Saudi Arabia and the UAE committed to net-zero carbon emissions in advance of Cop26, the 2021 United Nations Climate Change Conference in Glasgow.

  • The UAE committed to becoming carbon neutral by the year 2050 and to invest AED 600 billion ($163 billion) in clean energy.
  • Meanwhile, Saudi Arabia pledged to reach net-zero by 2060, investing SAR 700 billion ($187 billion) in climate action by 2030.

Big renewable energy projects and national legislation are obviously important for countries wanting to make fast progress, but there is also a huge opportunity to empower government entities, the private sector and consumers to better manage energy consumption and carbon footprints.

Experts agree that top-down strategies must be combined with bottom-up initiatives that allow businesses and consumers to participate in the drive to net-zero. This is why I say that the Saudi and Emirati net-zero pledges will create opportunity for local firms. Consumers and organisations are subject to local laws, avail of local services on the ground and are subject to other factors particular to their location, citizenship and juristictions.

An organisation’s ability to manage its energy consumption, energy efficiency and waste is often dependent on the applicable regulations and services available in their country, at their locations”

Both organisations and consumers will need better tools and digital services to manage their own net-zero efforts effectively. This provides an enormous opportunity for tech firms across a wide variety of technologies. I believe that AI and data analytics have a crucial role to play here in helping all stakeholders understand how their own efforts contribute to carbon neutral goals.

It also makes perfect sense that apps and digital services that support carbon neutral goals are developed in the region, for the region, taking into account language requirements, government regulations, energy suppliers and available local services.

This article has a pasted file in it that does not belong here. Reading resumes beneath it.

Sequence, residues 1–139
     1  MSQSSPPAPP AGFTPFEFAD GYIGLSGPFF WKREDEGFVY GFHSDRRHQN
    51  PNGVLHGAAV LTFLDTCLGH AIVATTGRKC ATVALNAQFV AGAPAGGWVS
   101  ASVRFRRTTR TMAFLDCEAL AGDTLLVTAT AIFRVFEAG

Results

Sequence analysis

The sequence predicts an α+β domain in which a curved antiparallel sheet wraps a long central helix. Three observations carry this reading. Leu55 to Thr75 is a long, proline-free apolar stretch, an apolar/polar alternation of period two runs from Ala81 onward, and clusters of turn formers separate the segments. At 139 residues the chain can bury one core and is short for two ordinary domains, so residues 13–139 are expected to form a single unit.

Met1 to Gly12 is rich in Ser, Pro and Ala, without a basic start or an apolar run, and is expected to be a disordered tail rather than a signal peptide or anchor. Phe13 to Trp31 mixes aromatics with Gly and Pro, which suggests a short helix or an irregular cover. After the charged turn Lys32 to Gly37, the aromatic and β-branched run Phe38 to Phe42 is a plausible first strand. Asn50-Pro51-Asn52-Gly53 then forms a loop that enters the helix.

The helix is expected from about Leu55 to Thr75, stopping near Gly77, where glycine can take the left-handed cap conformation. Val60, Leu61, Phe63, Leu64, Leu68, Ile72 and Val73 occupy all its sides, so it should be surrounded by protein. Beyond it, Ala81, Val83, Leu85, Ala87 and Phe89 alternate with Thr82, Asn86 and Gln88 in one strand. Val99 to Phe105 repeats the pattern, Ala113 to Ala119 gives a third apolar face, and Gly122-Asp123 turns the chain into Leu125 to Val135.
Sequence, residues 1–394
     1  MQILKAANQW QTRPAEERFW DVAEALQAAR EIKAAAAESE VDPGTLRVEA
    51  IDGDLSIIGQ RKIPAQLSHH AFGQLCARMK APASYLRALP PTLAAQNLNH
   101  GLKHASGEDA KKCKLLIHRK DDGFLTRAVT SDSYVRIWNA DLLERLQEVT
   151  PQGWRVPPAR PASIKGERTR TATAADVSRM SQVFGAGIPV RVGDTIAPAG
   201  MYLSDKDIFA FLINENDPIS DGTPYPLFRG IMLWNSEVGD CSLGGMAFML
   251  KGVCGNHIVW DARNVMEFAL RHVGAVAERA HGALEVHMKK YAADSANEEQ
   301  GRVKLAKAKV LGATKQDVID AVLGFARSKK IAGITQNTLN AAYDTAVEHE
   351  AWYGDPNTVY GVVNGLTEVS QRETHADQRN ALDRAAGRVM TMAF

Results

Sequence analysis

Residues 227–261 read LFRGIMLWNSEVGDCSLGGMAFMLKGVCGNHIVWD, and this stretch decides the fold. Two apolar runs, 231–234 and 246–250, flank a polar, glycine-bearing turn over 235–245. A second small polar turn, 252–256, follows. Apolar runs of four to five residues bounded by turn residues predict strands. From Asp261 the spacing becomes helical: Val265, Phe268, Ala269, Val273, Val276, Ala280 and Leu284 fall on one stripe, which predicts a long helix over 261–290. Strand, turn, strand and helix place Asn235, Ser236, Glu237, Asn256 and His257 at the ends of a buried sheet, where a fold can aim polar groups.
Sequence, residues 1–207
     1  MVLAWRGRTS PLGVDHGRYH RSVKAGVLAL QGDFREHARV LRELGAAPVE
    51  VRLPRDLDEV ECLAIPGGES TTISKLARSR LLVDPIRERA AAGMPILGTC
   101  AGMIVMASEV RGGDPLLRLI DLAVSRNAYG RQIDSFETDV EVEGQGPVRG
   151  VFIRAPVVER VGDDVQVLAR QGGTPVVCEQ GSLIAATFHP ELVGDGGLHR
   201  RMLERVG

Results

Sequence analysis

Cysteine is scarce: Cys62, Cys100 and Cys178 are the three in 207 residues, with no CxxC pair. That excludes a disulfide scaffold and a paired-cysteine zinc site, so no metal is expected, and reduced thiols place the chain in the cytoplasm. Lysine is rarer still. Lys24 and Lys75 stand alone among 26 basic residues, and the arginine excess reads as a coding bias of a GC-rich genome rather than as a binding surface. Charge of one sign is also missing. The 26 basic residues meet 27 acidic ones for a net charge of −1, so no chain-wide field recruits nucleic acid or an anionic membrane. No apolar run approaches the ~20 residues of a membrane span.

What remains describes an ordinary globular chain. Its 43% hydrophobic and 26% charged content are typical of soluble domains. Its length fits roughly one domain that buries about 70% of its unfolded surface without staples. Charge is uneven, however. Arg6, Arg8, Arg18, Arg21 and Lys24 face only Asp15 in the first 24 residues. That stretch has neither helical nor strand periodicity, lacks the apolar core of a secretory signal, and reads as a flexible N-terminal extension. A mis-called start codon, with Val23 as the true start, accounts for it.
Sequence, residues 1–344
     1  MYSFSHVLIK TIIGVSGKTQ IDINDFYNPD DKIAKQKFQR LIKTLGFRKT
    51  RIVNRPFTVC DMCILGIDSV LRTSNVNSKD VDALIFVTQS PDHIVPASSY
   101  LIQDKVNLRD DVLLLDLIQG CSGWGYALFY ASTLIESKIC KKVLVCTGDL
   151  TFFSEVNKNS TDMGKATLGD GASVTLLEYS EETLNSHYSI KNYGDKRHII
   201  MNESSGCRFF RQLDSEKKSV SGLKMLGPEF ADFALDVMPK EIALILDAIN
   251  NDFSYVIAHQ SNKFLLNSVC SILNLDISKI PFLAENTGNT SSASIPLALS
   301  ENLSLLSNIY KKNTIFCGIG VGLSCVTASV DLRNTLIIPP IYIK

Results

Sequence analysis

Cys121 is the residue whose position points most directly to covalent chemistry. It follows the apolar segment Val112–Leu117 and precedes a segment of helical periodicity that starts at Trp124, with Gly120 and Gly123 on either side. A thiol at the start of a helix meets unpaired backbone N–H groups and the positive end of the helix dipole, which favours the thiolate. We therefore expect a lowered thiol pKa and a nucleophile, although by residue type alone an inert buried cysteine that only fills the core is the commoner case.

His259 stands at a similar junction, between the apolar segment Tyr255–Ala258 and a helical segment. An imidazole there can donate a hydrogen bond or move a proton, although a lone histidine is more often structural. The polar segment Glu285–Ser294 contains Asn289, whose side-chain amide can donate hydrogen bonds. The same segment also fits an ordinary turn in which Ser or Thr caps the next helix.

If you are a MEED subscriber, you can read Jennifer Aguinaldo’s full article here.

March 31, 2021

The impact of AI in the Middle East special report is out from Middle East Economic Digest (MEED), which includes features covering innovation, digital transformation in the construction industry, and update on Qatar’s national artificial intelligence strategy and MEED’s own Digital Transformation Index.

I was name-checked in the ‘Creating an artificial intelligence ecosystem‘ feature by Jennifer Aguinaldo, which explores the region’s quest to drive home-grown innovation and create an AI ecosystem that does more than simply buy technology from overseas. All the national AI strategies developed by countries around the region include plans to encourage innovation, incentivise startups and nurture local research and development. However, it is Saudi Arabia and the United Arab Emirates that have fast-tracked more initiatives, policy and supporting government programmes over the past few years.

As is normally the case with Middle East Economic Digest, the impact of AI in the Middle East report is behind the paywall. If you are a MEED subscriber, you can read Jennifer’s full article here.